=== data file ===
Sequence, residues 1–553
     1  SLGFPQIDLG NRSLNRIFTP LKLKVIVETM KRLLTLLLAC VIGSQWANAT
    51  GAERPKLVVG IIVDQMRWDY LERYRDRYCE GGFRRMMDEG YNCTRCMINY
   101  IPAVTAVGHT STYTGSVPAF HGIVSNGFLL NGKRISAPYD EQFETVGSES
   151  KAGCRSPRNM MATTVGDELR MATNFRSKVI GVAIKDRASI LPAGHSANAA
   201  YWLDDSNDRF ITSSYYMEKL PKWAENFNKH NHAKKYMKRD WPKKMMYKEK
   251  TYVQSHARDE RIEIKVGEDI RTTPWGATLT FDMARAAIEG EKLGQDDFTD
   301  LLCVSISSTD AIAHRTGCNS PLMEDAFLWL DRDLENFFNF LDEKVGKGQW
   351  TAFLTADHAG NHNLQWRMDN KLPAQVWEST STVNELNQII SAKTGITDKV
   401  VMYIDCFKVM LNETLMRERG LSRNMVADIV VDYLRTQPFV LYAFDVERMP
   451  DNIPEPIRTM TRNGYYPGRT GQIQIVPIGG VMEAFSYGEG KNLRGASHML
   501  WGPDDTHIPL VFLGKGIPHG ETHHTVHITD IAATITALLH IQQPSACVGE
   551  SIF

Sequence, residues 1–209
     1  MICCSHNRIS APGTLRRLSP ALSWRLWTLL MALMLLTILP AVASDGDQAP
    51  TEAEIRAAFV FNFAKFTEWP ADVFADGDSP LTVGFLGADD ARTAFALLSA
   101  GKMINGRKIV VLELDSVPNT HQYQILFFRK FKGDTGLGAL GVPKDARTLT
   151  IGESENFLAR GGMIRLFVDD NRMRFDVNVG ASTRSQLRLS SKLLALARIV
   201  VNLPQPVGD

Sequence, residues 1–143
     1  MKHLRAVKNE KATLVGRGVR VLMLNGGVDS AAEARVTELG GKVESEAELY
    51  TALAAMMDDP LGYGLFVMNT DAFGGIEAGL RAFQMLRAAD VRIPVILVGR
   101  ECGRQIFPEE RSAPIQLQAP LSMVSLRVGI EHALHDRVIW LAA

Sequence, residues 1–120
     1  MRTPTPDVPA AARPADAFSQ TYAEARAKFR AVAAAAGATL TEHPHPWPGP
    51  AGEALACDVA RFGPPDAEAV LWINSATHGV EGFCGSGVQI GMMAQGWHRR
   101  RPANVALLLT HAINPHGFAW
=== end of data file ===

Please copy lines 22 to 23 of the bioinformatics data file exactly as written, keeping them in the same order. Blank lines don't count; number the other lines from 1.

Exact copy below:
    51  TALAAMMDDP LGYGLFVMNT DAFGGIEAGL RAFQMLRAAD VRIPVILVGR
   101  ECGRQIFPEE RSAPIQLQAP LSMVSLRVGI EHALHDRVIW LAA